Thanks to our dedicated and passionate employees for recognizing us with this honor!
Executive Director of Western PA, Jesse McLean, has been honored with two prestigious awards in recognition of his service to his community and his field. Bynums Marketing & Communications, Inc. and BCC Ministries named Jesse a 2019 awardee of the Ninth Annual Pittsburgh Circle of Courage Awards, recognizing him as a Pittsburgh individual that has displayed faith, courage and leadership in his field. Jesse has also been awarded the 2019 Jennie A. Carter Award from California University of Pennsylvania for exemplifying Jennie’s legacy of life-long service and dedication to education, students, and California University of Pennsylvania. Congratulations to Jesse on his well-deserved honors!
The Northern Ohio programs' Men of Honor & Integrity Council spent time this summer constructing a 'Free Little Library' for the Cleveland office and living the values of Re-ED. The Group is Important in these young men's lives. This project allowed them to gain basic carpentry Competencies that Make a Difference in their futures, as well as allowing them to serve the Community that is Important in their lives. Now, when youth and families visit the Cleveland office, they will be able to pick up and enjoy and new book.
In total, 22 students accepted their diplomas from the Pressley Ridge schools this year.
May is Mental Health Month, and we are doing our part to help increase awareness of the connection between physical and mental health.
Mental Health America offers these suggestions for:
Check back throughout the month for more mental health tips and facts.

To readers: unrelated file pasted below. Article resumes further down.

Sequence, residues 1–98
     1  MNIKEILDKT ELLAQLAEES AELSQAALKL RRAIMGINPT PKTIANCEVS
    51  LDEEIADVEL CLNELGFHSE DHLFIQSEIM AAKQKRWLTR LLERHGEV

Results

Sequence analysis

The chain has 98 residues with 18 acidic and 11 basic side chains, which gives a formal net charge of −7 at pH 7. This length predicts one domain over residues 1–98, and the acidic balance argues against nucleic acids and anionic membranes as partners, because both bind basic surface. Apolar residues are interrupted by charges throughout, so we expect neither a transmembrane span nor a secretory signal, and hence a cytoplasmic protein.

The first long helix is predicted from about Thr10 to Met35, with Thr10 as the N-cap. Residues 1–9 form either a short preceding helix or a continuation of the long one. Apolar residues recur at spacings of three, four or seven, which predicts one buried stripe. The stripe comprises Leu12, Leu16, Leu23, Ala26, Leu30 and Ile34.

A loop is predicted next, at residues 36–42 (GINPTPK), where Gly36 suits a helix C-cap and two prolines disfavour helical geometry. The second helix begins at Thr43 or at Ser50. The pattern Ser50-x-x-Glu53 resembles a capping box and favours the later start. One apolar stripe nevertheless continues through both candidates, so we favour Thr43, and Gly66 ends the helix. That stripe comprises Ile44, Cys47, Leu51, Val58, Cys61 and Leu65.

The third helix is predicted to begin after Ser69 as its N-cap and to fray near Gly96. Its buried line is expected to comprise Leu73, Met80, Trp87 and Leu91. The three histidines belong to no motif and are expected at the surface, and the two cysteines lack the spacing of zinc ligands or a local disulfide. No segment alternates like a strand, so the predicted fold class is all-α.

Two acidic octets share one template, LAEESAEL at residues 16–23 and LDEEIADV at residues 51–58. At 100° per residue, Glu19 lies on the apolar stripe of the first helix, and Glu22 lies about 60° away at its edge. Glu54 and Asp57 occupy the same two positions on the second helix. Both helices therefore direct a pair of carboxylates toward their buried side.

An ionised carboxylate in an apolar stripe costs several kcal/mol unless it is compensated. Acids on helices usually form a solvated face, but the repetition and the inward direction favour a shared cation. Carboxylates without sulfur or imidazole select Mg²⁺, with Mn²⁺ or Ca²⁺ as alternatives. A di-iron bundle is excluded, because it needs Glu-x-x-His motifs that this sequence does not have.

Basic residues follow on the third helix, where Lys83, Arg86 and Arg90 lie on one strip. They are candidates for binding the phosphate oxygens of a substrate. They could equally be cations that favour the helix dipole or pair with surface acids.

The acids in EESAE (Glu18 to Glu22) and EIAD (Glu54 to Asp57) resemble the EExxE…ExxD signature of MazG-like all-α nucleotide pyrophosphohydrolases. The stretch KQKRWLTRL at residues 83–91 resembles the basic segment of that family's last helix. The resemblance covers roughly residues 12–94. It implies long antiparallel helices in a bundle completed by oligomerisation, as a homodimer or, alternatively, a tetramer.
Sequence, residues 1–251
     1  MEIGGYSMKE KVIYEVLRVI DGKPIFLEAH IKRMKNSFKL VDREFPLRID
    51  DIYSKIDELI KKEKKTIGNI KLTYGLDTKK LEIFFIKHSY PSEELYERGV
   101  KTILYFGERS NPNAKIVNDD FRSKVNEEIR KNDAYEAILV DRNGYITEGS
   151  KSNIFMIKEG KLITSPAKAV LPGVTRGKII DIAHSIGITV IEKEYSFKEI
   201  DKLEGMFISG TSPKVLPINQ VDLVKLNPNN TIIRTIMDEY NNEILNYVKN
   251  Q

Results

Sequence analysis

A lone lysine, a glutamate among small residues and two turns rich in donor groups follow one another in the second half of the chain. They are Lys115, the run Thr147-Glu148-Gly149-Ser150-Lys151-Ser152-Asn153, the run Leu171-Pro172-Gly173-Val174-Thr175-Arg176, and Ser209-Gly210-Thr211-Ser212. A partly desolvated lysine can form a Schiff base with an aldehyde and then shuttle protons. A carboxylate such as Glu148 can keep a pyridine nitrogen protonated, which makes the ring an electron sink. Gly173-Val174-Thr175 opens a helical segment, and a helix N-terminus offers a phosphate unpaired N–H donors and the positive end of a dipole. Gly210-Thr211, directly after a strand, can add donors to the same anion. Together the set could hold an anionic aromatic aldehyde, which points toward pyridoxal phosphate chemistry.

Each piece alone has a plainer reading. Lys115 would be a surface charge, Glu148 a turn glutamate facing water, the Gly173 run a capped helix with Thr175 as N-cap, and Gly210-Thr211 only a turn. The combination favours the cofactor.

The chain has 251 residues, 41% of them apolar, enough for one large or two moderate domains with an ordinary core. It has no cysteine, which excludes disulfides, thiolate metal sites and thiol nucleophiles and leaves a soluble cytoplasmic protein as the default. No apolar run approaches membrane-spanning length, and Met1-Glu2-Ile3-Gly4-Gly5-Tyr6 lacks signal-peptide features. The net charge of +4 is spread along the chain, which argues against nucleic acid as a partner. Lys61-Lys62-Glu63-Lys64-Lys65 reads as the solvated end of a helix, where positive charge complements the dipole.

Click here for more information on community-based and outpatient mental health services offered by Pressley Ridge.
April is National Child Abuse Prevention Month, and the theme for 2019 is Strong and Thriving Families. The U.S. Department of Health & Human Services and Children's Bureau have assembled some tips and recommendations for strengthening your family.
Download the fact sheet here.
Keeping Your Family Strong
Every family has strengths, and every family faces challenges. When you are under stress—the car breaks down, you or your partner lose a job, your child’s behavior is difficult, or even when the family is experiencing a positive change, such as moving into a new home—sometimes it takes a little extra help to get through the day. Protective factors are the strengths and resources that families draw on when life gets difficult. Building on these strengths is a proven way to keep the family strong and enhance child well-being. This tip sheet describes six key protective factors and some simple ways you can build these factors in your own family.
All content courtesy of Childwelfare.gov.
Construction is progressing on the new Pressley Ridge School for Autism and Deaf! You can stay up to date on the building's progress through time-lapsed video. The facility is on track to welcome students in the 2019-20 school year.
The Robert Wood Johnson Foundation (RWJF) recently awarded grant funding to Pressley Ridge to conduct a study examining how to build trust and mutual respect to meet vulnerable patients’ health care needs. The funded study, Relationships Matter: Leveraging Healthy Alliances to Improve Services across the Continuum of Care, is among five others supported as part of RWJF’s Building Trust and Mutual Respect to Improve Health Careprogram, managed by AcademyHealth. Read more about the project and the grantees’ research on the AcademyHealth website.